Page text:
6 years into development and I finally see at least to me satisfactory results 🙂

The ramification increased substantially especially due to 2 particular measures:

  1. Earlier I would lose 50% of fine twigs, they somehow would dry. Even f. microcarpa shouldn’t be sensitive to it mine, under indoor LED lights, is. Not sure if that is the reason though. A hint from Antony Smith was to leave the most terminal leaves (which I even cut to half) in order to keep the sap flow towards the end of the branch. As the result, I lost at most a couple of fine twigs compared to 20-30 each time.
  2. Eisei-ei broadleaf video instructs to cut until the last 3 leaves instead of 2.

These 2 changes in my practice made a huge difference on the tree. If I have just known it earlier 🙁

Symmetry. Got several comments that the tree is too symmetric. True, that it is. When I look at some ficus old tree photos they really do look symmetric. That alone does not say every tree nor a ficus bonsai should be symmetric. Several reasons I have though:

  • Pot: Tree is in the center. Practical reason. I have very thick roots on both sides which I am not willing to butcher too much yet. Also, I am trying to grow more aerial roots on each side and letting them have same space to reach the “free” ground.
  • Trunk: Well, hardly anything can be done there. I inserted several stones asymmetrically to soften the “problem”. The tall stone which kind of forms the apex is in the total center. I tried to shift it slightly but the shape of the trees back is such that it just fits there.
  • Branches: Yes, this is something which will change. At the moment I am still struggling with branch positions and tertiary ones are not willing to listen to me. Additionally they are too soft to force them anywhere. So, plan is to let them first harden a bit and then let new buds grow upwards when shaping of the branches bottom will start so I can then make asymmetry for an example by slightly shifting right branches bottom upwards and letting the left ones drop still more so the tree flows to the left.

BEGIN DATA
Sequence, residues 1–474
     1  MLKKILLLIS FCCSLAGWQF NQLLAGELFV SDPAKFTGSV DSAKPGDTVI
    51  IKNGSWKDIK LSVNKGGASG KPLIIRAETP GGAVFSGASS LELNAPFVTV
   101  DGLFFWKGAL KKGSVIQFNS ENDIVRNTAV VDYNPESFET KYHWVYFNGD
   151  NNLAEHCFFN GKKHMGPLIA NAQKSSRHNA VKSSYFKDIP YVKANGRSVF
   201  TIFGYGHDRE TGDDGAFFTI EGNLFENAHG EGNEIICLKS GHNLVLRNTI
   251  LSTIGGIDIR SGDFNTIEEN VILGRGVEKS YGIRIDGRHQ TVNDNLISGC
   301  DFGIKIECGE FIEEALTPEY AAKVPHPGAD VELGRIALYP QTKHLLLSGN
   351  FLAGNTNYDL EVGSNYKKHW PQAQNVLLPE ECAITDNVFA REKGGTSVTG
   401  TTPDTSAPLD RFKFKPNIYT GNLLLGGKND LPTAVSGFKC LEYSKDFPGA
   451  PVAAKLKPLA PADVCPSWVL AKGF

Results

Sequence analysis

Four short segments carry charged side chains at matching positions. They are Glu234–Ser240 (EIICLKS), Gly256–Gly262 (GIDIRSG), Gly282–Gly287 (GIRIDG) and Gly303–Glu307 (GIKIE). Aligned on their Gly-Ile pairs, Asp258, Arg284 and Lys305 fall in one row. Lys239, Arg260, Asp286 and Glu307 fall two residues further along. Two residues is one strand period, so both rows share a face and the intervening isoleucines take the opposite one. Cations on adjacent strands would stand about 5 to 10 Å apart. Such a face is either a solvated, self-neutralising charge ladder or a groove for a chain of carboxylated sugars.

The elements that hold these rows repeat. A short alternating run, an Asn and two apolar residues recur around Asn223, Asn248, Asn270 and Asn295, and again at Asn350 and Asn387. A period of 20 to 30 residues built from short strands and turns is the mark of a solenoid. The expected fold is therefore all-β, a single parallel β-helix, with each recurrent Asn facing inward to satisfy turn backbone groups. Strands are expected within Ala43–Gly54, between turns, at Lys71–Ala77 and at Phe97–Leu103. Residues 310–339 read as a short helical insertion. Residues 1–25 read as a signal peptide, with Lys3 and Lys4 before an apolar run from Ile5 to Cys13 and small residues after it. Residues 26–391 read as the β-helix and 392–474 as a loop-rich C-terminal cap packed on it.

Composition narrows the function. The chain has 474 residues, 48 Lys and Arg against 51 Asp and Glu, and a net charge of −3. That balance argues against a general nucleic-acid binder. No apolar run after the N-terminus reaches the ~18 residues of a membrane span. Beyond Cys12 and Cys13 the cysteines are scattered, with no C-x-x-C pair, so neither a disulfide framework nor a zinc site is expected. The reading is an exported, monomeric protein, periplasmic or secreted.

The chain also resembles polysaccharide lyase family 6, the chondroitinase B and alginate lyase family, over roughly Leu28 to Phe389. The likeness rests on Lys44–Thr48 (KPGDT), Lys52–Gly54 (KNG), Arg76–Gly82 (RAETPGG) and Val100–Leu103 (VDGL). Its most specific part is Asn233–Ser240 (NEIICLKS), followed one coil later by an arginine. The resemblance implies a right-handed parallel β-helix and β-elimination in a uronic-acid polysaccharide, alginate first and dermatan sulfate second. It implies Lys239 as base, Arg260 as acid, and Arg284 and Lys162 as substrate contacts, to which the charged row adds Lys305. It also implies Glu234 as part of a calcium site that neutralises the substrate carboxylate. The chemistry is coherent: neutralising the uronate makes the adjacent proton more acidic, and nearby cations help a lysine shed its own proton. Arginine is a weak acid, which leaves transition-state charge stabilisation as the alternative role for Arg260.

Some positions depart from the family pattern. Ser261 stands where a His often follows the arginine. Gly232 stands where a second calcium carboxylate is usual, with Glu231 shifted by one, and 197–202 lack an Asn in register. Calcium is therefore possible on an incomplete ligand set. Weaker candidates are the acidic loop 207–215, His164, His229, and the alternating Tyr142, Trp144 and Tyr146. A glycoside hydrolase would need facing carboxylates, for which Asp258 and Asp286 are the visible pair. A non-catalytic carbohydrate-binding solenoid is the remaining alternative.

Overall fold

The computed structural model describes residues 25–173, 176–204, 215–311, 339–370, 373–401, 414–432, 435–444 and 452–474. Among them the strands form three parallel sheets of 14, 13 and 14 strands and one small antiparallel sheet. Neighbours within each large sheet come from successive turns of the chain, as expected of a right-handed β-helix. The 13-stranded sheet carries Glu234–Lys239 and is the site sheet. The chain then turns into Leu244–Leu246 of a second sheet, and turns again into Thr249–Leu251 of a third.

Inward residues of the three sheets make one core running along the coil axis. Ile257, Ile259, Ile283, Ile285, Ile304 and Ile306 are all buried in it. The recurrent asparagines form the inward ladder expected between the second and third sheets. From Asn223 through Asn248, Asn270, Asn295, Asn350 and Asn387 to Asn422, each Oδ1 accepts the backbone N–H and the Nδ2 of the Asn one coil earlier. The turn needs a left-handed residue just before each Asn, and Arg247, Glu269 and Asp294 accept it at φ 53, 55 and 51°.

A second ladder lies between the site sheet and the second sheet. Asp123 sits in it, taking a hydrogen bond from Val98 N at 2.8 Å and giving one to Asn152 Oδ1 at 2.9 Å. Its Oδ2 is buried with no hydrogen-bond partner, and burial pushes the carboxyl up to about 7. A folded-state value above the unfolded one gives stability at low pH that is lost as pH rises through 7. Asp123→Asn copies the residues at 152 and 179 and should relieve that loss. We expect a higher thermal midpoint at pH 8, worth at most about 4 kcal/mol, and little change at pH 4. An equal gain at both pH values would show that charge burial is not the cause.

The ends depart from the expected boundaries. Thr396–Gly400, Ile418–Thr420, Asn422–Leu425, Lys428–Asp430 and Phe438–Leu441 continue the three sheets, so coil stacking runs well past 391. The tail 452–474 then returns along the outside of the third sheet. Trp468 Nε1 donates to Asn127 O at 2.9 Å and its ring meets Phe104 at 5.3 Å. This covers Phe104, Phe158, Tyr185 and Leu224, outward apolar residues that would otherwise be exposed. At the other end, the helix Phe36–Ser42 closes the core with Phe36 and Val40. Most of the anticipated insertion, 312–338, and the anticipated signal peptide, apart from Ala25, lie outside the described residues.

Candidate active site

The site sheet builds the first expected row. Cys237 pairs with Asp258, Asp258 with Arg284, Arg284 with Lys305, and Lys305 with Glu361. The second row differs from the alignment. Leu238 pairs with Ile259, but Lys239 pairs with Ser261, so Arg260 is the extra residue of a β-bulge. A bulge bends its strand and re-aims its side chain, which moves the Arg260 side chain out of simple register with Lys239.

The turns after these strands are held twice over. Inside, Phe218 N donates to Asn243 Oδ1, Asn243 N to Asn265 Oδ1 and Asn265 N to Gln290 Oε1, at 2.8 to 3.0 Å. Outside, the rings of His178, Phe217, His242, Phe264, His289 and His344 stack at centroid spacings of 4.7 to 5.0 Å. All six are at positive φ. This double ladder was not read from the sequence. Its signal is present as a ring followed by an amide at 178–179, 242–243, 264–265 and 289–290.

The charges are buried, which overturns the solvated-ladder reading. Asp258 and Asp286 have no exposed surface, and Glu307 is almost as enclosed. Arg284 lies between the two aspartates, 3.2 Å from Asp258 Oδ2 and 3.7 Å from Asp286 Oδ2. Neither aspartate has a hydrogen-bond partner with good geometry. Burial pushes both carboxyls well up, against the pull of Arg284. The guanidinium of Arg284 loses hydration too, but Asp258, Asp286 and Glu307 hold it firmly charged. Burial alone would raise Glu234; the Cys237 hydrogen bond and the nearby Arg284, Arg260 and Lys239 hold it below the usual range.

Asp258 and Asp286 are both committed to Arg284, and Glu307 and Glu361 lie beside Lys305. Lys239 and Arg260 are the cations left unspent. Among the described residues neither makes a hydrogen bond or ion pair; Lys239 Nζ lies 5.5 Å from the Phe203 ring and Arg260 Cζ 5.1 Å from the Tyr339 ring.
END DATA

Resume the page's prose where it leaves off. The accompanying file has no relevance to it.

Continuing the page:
• Apex: Well, it kinds of follows the center stone. Not yet decided. It should look into left if the point above will make true and branches drop on the left.

Honestly, I am not too bothered by symmetry though.

Anyway, the photos below are of different angles, display experiments and backgrounds.

The black one is definitely my favorite and the idea with the Buddha “meditating under the tree” (yeah, well it was ficus religiosa but who cares for this particular purpose) for 7 weeks (7 step stones between Buddha and the tree, 7 falling leaves on the scroll behind) on which place a shrine was constructed (also slightly visible on the scroll) succeeded in my opinion.